nature of my research, he tried hard to persuade me to remain in the Lab when I decided to leave in 1958. The following may be of interest; it is quoted from a letter I wrote in November 1956, to a young Ph.D. who was interested in applying for a job in the lab: “I will tell you what I can, but I am afraid I cannot offer you much encouragement. Professional appointments in the Laboratory of Psychology have in the past ranged from newly minted Ph.D.s to senior, established psychologists. The responsibilities and salaries have, of course, been dependent on experience and are generally in line with Civil Service policy. A recent Ph.D., for example, might get a Public Health Service appointment as Assistant Scientist at $4817 per year, with promotion in a year to Senior Assistant Scientist at $5718 (with in-service tax benefits). A civil service appointment would probably start at GS11, with a salary of $6390. Once appointed to such a position, the appointee ordinarily engages in full-time research. Members of this Laboratory enjoy a large degree of freedom in their research. Unfortunately, the Laboratory roster has been pretty well filled out for the present. As a matter of fact, we have become quite crowded. Although I understand that one or two positions remain to be filled, I believe these are to be in lines of research other than the one in which you are interested. However, there would certainly be no harm in writing to Dr. David Shakow, Chief, Laboratory of Psychology, summarizing your interests and background.” The Perception and Learning Section was in the west end of the Clinical Center. Aging was somewhere nearby, I think. James Birren was an impressive person, working in the Aging section, and I also recall Jack Botwinick. The Section on Child Development was also there. I remember the head, Nancy Bayley, and my wife and I knew Harriet Rheingold fairly well, too. Harriet thought she could use a Skinner “baby box”, which had some notoriety at the time, in her research, so she asked us to try one out for us with our second son Steve, who had just been born. The “Skinner baby box” we tried out for Rheingold was basically just a heated and cooled enclosed crib, with a mesh plastic floor on which the baby could, theoretically, go naked, although one can imagine the messy consequences of that. The model we used was very awkward to use; we concluded that an ordinary crib would be far better than any such box. I don’t think Harriet ever used a baby box.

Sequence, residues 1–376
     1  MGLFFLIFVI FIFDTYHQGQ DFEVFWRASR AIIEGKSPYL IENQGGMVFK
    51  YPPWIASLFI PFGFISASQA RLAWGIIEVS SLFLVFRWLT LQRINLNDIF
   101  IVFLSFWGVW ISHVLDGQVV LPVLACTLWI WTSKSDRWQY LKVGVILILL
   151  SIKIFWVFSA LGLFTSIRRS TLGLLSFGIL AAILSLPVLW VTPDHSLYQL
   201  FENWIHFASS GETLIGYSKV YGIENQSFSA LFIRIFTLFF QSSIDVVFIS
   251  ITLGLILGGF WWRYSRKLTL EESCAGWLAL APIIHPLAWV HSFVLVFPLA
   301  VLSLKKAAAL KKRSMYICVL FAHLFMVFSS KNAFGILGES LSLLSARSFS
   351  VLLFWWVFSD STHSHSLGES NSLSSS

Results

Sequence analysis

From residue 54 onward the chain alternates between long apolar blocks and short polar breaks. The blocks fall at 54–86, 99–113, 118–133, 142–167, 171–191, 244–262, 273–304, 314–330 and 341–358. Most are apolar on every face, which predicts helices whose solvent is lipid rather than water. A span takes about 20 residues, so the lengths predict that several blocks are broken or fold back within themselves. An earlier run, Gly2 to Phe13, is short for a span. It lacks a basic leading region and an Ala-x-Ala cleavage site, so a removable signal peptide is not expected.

Farreras: What about issues of funding? Did the funding go to already established